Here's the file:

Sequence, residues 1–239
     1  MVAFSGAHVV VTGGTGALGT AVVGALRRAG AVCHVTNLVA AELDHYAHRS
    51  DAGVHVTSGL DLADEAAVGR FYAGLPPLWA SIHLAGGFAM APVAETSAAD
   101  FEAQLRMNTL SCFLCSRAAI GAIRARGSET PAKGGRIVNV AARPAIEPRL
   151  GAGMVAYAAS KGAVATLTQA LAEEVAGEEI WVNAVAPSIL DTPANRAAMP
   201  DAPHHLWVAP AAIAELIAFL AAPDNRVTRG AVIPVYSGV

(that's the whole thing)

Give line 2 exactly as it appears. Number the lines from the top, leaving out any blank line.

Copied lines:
     1  MVAFSGAHVV VTGGTGALGT AVVGALRRAG AVCHVTNLVA AELDHYAHRS